Whether the attorney can bring a new suit, compare Nichols v. Dennis, R. M. Charlt. (Geo.) 188 (holding that he can sue out scire facias to fix liability of bail); Dearborn v. Dearborn, 15 Mass. 316 (holding that it is his duty to do so —
- in this case the client resided at a distance); and, on the other hand, Walradt v. Maynard, 3 Barb. 584 (holding that he has not implied authority to sue on the bond given on certiorari, and cannot recover his fees of his client if he does so). 48 Lewis v. Woodruff, 15 How. Pr. 539.
49 N. Y. Code Civ. Pro., & 1260. And during this period he may so satisfy the judgment against the direction of his client. Woodford v. Kasbach, 6 Civ.
59. How far he has power to bind his client, and protect the sheriff, by special instructions modifying what would otherwise be the duty of the sheritř, see EXECUTION.
Pro. Rep. 321.
structions from a client, the attorney has implied power, after judginent, to extend the time of his adversary to appeal.51
But he has not the power to consent to vacate a regular judg. inent on the merits,62 or allow a new trial after such judgment, unless for a cause for which the court would vacate it; nor, after final judgment, to consent to the entry of orders amending the proceedings nunc pro tunc. 4 Otherwise of a purely formal judg. ment, or one unconscionably obtained.55
15. Power of client to proceed by new attorney.]-- Upon the recovery of judgment, however, the client may revoke his attor ney's authority and proceed, so far as he can without prejudice to the former attorney's lien, by another attorney, without causing substitution on the record.56 IIence, if after judgment, papers on behalf of a party to the judgment are served by another attorney, they are to be received and respected as binding the client. It is, however, the better practice for an attorney coming into the cause after judginent in this way, to serve formal notice of appearance and demand that all papers be served on him.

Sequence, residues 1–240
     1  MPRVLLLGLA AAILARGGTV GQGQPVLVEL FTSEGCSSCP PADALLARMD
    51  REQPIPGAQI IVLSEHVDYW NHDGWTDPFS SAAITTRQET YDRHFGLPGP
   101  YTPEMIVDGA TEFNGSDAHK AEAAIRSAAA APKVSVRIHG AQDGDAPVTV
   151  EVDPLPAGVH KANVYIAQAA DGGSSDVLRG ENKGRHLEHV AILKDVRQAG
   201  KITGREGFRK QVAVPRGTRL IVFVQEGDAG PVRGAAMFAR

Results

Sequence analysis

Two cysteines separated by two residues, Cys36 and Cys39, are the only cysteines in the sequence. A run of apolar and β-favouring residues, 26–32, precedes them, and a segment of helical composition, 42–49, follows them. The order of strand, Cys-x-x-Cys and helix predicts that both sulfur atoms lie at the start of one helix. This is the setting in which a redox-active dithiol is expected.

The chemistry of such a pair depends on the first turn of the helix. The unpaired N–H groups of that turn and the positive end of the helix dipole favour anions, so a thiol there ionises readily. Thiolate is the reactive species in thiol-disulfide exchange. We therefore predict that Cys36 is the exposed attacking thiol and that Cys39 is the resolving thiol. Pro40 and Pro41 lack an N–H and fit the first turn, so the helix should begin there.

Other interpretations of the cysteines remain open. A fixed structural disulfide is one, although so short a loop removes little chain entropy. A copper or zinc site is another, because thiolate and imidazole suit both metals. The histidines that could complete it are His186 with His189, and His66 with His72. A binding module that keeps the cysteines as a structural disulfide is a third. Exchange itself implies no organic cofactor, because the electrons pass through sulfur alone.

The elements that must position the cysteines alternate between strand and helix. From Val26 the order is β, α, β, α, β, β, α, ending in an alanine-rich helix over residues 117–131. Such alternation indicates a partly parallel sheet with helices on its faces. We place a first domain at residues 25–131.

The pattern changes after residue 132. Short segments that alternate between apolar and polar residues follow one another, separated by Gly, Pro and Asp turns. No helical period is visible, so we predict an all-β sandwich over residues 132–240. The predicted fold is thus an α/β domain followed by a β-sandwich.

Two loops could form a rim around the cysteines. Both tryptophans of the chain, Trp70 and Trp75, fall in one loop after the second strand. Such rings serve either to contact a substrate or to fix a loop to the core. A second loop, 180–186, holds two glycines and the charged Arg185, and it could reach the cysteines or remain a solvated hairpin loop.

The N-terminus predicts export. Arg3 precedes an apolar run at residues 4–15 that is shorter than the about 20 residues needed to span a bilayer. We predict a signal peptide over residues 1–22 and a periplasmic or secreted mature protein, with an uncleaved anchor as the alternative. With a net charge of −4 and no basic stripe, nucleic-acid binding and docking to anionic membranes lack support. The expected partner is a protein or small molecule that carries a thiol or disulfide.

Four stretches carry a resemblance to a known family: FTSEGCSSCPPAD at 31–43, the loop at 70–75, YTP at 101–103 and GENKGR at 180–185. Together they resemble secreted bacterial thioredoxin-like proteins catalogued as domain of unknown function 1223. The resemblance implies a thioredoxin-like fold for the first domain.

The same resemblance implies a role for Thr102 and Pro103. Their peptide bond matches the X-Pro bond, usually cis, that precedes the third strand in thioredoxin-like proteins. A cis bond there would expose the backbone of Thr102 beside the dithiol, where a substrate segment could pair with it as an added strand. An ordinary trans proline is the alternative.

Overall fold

Such proceedings, however, are not to be relied on without regard to the question whether the former attorney may have a lien upon the judgment he recovered, which may, under some circumstances, entitle him to protection against proceedings without notice to him.
51 That the attorney has such power was held in Hoffenberth r. Muller, 1? Abb. Pr. (N. S.) 221. Contra, Bergholtz v. Ithaca St. Ry. Co. 27 Misc. 176, 58 N. Y. Supp. 390, 29 Civ. Pro. Rep. 294.
52 Quinn i. Lloyd, 30 Super (t. 538, 5 Abb. Pr. (N. S.) 281, 36 How. Pr. 378.
53 Ilolbert 1. Montgomery, 5 Dana (Ky.), 11. (Here, however, as the record recited the consent of the parties, and there had been long delay, the court declined to relieve.)
54 Walter v. De Graaf, 19 Abb. N. C. 406.
56 Thorp v. Fowler, 5 Cow. 446 (holding that execution may be issued by another attorney).
Davis 1'. Solomon, 25 Misc. 695, 56 N. Y. Supp. 80, 28 Civ. Pro, Rep. 420. (New attorney appearing for defendant upon his application to open a default judgment.)
S. P., Egan t. Rooney, 38 How. Pr. 121; Cruikshank r. Goodwin, 20 N. Y. Supp. 757, 66 Hun, 626.
Ward 1. Sands, 10 Abb. N. C. 60 (to same effect, although the judgment was void for want of jurisdiction).
Hinkley v. St. Anthony Falls, etc., Co. 9 Minn. 55 (rule recognized by statute).
Whether scire facias to revive a judgment in a new action within the rule, see Gonnigal v. Smith, 6 Johns. 106, aflirmative; and Day v. Welles, 31 Conn. 344, negative.